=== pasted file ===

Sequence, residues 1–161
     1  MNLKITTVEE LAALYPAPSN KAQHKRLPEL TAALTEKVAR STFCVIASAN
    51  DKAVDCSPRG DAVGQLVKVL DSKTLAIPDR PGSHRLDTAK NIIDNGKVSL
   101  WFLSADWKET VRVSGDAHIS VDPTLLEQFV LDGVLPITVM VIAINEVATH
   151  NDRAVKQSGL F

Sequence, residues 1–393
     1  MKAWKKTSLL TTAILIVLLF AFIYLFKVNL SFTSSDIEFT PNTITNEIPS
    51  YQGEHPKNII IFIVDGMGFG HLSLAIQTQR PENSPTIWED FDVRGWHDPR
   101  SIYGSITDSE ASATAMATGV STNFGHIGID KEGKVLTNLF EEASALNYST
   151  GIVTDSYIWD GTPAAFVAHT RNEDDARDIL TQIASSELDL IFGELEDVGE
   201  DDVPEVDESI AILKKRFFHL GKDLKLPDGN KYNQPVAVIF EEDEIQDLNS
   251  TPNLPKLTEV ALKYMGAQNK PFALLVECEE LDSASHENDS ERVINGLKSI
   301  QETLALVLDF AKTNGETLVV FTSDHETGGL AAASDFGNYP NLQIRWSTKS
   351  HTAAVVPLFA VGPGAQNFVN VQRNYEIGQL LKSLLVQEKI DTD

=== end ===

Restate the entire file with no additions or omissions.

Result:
Sequence, residues 1–161
     1  MNLKITTVEE LAALYPAPSN KAQHKRLPEL TAALTEKVAR STFCVIASAN
    51  DKAVDCSPRG DAVGQLVKVL DSKTLAIPDR PGSHRLDTAK NIIDNGKVSL
   101  WFLSADWKET VRVSGDAHIS VDPTLLEQFV LDGVLPITVM VIAINEVATH
   151  NDRAVKQSGL F

Sequence, residues 1–393
     1  MKAWKKTSLL TTAILIVLLF AFIYLFKVNL SFTSSDIEFT PNTITNEIPS
    51  YQGEHPKNII IFIVDGMGFG HLSLAIQTQR PENSPTIWED FDVRGWHDPR
   101  SIYGSITDSE ASATAMATGV STNFGHIGID KEGKVLTNLF EEASALNYST
   151  GIVTDSYIWD GTPAAFVAHT RNEDDARDIL TQIASSELDL IFGELEDVGE
   201  DDVPEVDESI AILKKRFFHL GKDLKLPDGN KYNQPVAVIF EEDEIQDLNS
   251  TPNLPKLTEV ALKYMGAQNK PFALLVECEE LDSASHENDS ERVINGLKSI
   301  QETLALVLDF AKTNGETLVV FTSDHETGGL AAASDFGNYP NLQIRWSTKS
   351  HTAAVVPLFA VGPGAQNFVN VQRNYEIGQL LKSLLVQEKI DTD